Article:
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GymbaROO kids have an excellent chance at being generally happy for life. As well as setting children up for academic, sporting and behavioural success, GymbaROO also, very importantly, lays the foundations for emotional development and the ‘happiness factor’ which is, for many, the most important of all. This not only comes about as a result of the GymbaROO experience being such a happy, colourful and positive one, with babies, children and parents loving the ‘in the moment’ fun of the classes, but also because underneath all the fun we are having there is deeper emotional development going on. To understand how our program contributes to long-term happiness we need to look at the science behind it all.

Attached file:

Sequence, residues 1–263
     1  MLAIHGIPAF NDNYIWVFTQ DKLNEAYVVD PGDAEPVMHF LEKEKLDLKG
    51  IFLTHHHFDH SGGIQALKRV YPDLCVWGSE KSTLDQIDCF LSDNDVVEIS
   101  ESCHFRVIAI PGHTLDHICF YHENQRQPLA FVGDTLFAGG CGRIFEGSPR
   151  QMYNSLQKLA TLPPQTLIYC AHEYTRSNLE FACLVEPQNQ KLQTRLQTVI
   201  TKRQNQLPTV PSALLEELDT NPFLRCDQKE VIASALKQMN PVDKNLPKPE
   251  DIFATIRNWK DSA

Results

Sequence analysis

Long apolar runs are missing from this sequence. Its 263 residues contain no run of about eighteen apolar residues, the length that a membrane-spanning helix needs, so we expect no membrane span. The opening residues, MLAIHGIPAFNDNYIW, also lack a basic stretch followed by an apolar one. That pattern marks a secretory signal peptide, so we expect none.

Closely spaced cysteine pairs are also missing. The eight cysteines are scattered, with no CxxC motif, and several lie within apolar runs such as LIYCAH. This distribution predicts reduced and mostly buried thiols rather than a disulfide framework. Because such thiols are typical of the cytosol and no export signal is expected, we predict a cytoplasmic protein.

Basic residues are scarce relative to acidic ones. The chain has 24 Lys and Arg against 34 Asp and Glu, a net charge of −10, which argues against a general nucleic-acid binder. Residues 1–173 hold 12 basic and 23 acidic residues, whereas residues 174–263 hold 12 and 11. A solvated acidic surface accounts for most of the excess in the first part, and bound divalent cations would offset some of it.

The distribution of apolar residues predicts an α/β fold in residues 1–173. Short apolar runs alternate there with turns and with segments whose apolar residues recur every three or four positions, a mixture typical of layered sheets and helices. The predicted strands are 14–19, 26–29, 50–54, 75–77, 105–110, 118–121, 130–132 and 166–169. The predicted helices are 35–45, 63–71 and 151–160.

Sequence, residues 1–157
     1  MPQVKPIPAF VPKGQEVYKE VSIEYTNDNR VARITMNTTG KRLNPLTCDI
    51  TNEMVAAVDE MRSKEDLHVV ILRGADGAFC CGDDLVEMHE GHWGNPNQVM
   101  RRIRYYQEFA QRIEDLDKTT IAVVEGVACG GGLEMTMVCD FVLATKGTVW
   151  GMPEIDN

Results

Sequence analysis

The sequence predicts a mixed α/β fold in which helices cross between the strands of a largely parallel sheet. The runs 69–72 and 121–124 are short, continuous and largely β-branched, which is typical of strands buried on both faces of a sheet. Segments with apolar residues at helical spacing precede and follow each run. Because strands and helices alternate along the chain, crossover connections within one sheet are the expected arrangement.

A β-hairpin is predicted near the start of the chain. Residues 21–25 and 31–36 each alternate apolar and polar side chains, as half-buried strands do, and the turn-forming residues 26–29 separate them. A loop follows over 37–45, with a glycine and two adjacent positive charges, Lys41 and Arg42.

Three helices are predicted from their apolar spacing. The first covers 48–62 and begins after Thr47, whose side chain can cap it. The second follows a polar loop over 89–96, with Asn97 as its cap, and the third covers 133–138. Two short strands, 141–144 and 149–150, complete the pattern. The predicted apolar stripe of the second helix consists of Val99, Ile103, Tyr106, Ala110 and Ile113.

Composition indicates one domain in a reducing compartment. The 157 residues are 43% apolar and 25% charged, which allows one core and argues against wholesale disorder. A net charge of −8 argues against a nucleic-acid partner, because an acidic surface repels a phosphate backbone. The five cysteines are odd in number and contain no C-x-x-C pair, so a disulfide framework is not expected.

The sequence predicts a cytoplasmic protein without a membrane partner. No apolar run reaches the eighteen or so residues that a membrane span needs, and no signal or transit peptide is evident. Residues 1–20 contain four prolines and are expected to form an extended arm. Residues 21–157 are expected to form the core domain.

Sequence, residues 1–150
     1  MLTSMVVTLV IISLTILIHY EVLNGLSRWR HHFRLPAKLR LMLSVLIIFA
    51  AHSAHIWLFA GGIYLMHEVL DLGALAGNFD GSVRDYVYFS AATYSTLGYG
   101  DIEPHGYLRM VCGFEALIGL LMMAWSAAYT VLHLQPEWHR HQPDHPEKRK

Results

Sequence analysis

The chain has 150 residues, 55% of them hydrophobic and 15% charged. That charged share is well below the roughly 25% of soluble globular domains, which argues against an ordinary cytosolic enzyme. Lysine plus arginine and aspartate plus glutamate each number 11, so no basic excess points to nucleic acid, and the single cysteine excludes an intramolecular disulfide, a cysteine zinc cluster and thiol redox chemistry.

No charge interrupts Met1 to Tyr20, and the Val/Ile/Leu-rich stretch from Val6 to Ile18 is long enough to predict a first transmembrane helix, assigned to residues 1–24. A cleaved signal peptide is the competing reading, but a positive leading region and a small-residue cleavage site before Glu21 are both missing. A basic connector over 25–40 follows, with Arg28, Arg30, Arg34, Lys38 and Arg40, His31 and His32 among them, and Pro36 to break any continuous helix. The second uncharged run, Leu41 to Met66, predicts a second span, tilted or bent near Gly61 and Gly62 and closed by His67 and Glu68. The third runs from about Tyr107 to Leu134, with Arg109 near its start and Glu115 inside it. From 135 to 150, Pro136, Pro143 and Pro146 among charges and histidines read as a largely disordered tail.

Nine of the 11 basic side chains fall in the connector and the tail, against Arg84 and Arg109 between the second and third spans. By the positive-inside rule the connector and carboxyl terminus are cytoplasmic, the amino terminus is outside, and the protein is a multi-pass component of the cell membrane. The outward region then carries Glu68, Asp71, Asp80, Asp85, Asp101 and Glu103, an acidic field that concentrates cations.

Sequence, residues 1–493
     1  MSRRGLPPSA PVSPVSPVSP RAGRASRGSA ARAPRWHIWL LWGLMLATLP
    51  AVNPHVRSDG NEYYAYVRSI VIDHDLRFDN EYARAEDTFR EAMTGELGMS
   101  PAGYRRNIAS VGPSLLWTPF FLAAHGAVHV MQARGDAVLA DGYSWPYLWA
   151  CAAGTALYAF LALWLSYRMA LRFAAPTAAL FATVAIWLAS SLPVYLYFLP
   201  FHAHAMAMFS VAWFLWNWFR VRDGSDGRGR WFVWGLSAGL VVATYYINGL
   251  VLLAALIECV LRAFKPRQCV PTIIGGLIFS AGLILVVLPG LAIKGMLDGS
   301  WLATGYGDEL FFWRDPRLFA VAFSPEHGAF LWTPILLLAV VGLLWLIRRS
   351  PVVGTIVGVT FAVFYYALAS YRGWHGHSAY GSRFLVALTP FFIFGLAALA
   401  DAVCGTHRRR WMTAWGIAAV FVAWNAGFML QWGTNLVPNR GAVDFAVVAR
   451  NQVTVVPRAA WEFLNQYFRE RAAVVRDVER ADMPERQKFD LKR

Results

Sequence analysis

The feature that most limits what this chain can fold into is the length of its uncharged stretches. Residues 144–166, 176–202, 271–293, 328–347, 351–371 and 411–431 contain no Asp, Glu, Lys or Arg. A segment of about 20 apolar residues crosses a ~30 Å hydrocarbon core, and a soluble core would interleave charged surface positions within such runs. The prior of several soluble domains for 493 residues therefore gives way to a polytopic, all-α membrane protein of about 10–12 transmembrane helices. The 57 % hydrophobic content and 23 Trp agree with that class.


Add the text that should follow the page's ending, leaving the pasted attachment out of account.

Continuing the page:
The science behind happiness
Active movement in the first years of life plays an important role in how well a child will respond to the emotional ups and downs of life. Some very interesting research points to the effect of movement on ‘genetic expression’ and how this affects emotional control and responses. Movement also plays a part in the wiring of the emotional systems in the brain through the stimulation of the motivational system that gives us drive and confidence to learn new tasks, even if they are a bit tricky! Children who develop the ability to control and regulate emotions are happy and enjoy life more as they can cope with the emotional ups and downs of every-day living.